Q&A: Kyle Martino of NBC Sports on 2012 MLS season

With MLS Cup quickly approaching and the 2012 season coming to a close, we decided to chat with NBC Sports MLS analyst Kyle Martino. Martino recently wrapped his first season on the NBC broadcasts with partner Arlo White, which saw a 122% increase in ratings over 2011’s Fox Soccer broadcasts according to the network. In the following Q&A with, edited from a phone conversation with Martino, the broadcaster talks about this Saturday’s MLS Cup, life after David Beckham for MLS, martinis and FC Dallas in 2013.


What are your expectations for Saturday’s match between LA and Houston?

I expect it to start pretty cautious. That’s what you saw last year when these guys came out. Dynamo are tough to break down. They will frustrate the LA Galaxy. Galaxy need to up the tempo.


Who will be difference makers?

For the Galaxy - Robbie Keane. He didn’t have a bad game last time [in 2011 MLS Cup] but he will be a difference maker. Since the Euro’s [over the summer], he’s been the best in MLS. When he’s in the mood you can’t stop him.

For the Dynamo - Brad Davis. They were missing [in 2011 MLS Cup] that composure that Brad Davis has. You need someone who you can hit a ball into in transition.


Prediction on who will win?

I sat in a dive bar in Manhattan Beach before the season and did ExtraTime Radio, and I said then the LA Galaxy will win this. Especially with Omar Gonzales back from injury. Mike Magee, Juniho, Keane, Donovan -- no one is stopping these guys.


What was Beckham’s impact on MLS?

After the announcement he retired, everyone was talking about was it a success – of course it was. Personally I sat next to him on the field at Giants Stadium when 70,000 people were there. The attention was up for the game. It still is. I was watching Sky Sports and reporters are at Home Depot Center for his last game. He shined an international light on MLS in a way no other player could have.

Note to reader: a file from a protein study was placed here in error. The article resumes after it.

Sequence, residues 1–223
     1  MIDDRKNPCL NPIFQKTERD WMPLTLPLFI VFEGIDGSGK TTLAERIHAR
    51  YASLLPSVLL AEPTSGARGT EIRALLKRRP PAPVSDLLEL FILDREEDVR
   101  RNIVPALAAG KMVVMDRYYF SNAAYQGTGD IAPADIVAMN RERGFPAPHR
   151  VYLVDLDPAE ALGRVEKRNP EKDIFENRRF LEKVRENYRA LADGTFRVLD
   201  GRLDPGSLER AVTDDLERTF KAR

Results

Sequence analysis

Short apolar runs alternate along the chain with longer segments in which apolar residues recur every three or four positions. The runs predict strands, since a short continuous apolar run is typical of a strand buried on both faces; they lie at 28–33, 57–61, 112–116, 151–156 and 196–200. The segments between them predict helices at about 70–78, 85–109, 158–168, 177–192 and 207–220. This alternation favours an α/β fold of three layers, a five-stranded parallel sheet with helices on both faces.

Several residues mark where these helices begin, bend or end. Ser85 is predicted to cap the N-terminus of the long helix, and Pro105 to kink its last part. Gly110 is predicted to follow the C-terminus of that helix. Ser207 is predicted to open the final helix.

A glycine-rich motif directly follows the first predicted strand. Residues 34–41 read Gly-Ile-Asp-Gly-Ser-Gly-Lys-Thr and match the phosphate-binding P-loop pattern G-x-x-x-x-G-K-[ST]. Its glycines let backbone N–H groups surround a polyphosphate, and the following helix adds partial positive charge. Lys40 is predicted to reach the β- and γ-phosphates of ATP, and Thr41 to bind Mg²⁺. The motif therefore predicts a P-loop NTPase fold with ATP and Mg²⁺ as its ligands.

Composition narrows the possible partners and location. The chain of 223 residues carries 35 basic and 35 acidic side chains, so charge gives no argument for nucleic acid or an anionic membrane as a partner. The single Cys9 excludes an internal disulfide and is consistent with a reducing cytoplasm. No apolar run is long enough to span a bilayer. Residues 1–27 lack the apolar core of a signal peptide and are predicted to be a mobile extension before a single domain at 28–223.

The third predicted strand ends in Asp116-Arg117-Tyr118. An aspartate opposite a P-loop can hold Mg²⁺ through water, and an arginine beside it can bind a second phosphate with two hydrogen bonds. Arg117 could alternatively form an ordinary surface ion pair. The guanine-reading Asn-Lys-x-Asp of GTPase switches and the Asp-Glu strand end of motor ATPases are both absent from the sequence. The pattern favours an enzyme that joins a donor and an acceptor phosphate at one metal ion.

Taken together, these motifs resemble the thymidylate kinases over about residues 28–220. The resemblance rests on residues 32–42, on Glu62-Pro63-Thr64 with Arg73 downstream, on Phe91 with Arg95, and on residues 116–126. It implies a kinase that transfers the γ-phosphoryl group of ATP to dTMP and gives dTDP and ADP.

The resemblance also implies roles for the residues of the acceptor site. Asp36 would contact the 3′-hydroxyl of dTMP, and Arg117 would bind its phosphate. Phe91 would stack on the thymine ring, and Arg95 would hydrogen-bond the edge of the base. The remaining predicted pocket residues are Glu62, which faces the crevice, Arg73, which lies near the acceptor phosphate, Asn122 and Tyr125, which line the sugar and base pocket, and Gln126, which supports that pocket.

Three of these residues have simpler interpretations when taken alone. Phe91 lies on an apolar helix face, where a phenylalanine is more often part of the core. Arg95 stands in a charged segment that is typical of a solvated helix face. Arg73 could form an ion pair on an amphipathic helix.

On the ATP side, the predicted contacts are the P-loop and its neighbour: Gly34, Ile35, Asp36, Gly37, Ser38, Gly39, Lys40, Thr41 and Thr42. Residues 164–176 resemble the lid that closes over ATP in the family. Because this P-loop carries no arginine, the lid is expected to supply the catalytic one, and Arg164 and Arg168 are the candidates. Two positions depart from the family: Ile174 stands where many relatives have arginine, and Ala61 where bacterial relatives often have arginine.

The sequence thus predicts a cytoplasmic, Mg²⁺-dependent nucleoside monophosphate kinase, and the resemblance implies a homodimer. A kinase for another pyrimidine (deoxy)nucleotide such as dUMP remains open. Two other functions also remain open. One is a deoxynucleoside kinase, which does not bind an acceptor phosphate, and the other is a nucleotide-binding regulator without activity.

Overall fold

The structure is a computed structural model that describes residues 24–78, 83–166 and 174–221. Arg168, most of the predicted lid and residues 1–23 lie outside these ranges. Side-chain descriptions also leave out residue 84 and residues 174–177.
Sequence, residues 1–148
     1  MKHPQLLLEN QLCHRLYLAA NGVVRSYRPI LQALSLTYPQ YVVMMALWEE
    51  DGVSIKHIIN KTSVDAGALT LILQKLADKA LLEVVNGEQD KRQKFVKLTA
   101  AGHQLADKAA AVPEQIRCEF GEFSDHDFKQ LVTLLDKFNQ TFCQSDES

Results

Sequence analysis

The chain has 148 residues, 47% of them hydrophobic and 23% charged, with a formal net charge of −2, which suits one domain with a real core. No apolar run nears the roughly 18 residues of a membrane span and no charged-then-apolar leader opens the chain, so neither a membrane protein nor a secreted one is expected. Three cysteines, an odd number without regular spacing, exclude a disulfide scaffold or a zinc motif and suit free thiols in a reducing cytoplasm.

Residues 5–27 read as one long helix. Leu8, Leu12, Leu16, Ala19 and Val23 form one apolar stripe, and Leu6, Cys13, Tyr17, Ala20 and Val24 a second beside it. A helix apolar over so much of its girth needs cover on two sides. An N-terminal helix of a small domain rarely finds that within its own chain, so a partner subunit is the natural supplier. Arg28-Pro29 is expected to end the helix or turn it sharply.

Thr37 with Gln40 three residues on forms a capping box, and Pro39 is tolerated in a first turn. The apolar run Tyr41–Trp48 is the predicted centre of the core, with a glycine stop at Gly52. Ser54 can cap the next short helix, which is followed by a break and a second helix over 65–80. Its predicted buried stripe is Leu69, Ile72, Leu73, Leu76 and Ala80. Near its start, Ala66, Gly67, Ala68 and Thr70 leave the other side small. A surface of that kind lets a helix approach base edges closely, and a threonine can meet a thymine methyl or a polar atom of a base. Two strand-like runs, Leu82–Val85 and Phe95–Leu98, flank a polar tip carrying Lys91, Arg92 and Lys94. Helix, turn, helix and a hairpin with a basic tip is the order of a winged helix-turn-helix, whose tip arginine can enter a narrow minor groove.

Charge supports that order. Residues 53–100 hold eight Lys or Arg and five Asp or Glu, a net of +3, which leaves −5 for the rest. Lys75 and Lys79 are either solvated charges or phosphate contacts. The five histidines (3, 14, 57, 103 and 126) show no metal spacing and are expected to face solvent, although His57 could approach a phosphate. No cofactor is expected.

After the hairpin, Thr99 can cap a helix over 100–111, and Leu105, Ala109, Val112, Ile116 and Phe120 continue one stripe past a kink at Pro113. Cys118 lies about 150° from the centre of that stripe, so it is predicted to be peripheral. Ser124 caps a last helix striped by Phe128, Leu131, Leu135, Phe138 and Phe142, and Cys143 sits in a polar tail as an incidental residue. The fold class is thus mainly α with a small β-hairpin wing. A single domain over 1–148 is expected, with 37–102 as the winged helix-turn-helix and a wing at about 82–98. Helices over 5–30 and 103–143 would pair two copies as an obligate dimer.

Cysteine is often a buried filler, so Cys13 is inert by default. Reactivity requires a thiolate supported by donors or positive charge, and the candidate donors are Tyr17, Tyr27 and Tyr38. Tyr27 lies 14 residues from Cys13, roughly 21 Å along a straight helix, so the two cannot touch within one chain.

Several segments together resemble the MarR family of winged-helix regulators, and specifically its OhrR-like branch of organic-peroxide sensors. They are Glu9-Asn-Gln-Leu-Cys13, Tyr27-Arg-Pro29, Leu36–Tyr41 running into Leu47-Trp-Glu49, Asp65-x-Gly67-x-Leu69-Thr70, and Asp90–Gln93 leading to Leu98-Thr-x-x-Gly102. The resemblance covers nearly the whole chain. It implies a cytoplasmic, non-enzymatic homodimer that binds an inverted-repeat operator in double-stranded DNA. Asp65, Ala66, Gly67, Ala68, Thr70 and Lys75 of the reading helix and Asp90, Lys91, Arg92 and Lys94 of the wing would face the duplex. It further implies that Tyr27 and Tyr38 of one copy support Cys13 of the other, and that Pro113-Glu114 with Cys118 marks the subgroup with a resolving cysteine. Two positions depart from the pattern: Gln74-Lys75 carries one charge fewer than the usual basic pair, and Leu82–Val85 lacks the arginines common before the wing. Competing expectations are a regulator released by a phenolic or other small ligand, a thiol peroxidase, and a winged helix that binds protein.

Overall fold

What does a post-Beckham MLS look like?

I think he will be an owner of one of these teams. He told me he’s not leaving the U.S. permanently. He’ll keep a house here. A post-Becks MLS will look a lot like it does today. Look at the rivalries in Pacific Northwest and along the East Coast. Attention now is much more on the league. The hook as been set and once the fish are on there, they aren’t going anywhere.


Being called Kyle Martini by Bill Hamid - great moment or greatest moment of 2012?

It was classic. It was so good. We had a laugh about it in Houston [first match after the incident for DC United]. What I said was, if Twitter was around back in my day, I would have gotten into trouble myself. He got hot headed and had a bit of a hilarious autocorrect situation. He’s a better man after things like that. Old Bill Hamid wouldn’t have had the humility to own up to something like that. He’s a talented player.


Would you have been on Twitter if it existed when you played?

The good part about speaking with reporters was you had time to decompress and compose yourself before you gave a statement. The moment of that puts you in check. When you’re alone in a room and tweet something out, the players aren’t thinking that it’s out there now. You feel anonymous. It’s really no different than sitting in the locker room with 20 reporters around, though.


Have a vodka or gin endorsement deal in the works?

I’m working on it. I’m going for some sort of Bond-Martini hybrid.


How was your first year working for NBC Sports?

It was an incredible experience. I got a behind the scenes look at how NBC has the reputation they have. The stories they tell, amount of work they put into each broadcast is something I hadn’t dealt with before. They’re a hard working group and it shows.


How was calling games from field level?

It took me a long time to become a believer. It was a difficult position to call a game from. If I didn’t have Arlo White up in the booth, I wouldn’t have been able to pull it off. He makes it work. What we get from me is picking up things from the benches and close up one-on-one battles. It’s the same analysis if it was from the booth, just trying to bring those sound-bytes to the broadcast.


What does FCD need to do to get back to the playoffs in 2013?

They’re one of the teams that suffered the most from missing big time players. There’s not a team that can make a playoff push without Ferreira, Shea or Perez.

When Brek went off overextended with the Olympics, he came back and wasn’t the same player. When you have a players like Ferreira out, Perez not finding his rhythm due to injury until the end, it’s tough.

I think it comes down to your core needs to consistently show up. If you put together makeshift line ups -- look at the Galaxy, they struggled early in the season -- you can’t find that rhythm.